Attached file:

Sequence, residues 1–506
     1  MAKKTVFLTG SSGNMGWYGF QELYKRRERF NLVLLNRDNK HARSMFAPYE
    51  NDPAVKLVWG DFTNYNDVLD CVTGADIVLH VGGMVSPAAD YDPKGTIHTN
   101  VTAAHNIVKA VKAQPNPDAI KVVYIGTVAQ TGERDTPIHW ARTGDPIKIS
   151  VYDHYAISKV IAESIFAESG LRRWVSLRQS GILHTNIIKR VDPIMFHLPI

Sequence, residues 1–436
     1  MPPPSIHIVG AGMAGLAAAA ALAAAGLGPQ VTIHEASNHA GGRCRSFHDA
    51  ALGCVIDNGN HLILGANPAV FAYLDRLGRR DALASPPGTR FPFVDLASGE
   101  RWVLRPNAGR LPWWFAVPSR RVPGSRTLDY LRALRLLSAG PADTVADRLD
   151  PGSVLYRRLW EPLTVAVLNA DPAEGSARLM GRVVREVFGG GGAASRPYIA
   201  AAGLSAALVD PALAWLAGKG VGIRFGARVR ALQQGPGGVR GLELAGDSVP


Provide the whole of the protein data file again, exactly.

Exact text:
Sequence, residues 1–506
     1  MAKKTVFLTG SSGNMGWYGF QELYKRRERF NLVLLNRDNK HARSMFAPYE
    51  NDPAVKLVWG DFTNYNDVLD CVTGADIVLH VGGMVSPAAD YDPKGTIHTN
   101  VTAAHNIVKA VKAQPNPDAI KVVYIGTVAQ TGERDTPIHW ARTGDPIKIS
   151  VYDHYAISKV IAESIFAESG LRRWVSLRQS GILHTNIIKR VDPIMFHLPI

Sequence, residues 1–436
     1  MPPPSIHIVG AGMAGLAAAA ALAAAGLGPQ VTIHEASNHA GGRCRSFHDA
    51  ALGCVIDNGN HLILGANPAV FAYLDRLGRR DALASPPGTR FPFVDLASGE
   101  RWVLRPNAGR LPWWFAVPSR RVPGSRTLDY LRALRLLSAG PADTVADRLD
   151  PGSVLYRRLW EPLTVAVLNA DPAEGSARLM GRVVREVFGG GGAASRPYIA
   201  AAGLSAALVD PALAWLAGKG VGIRFGARVR ALQQGPGGVR GLELAGDSVP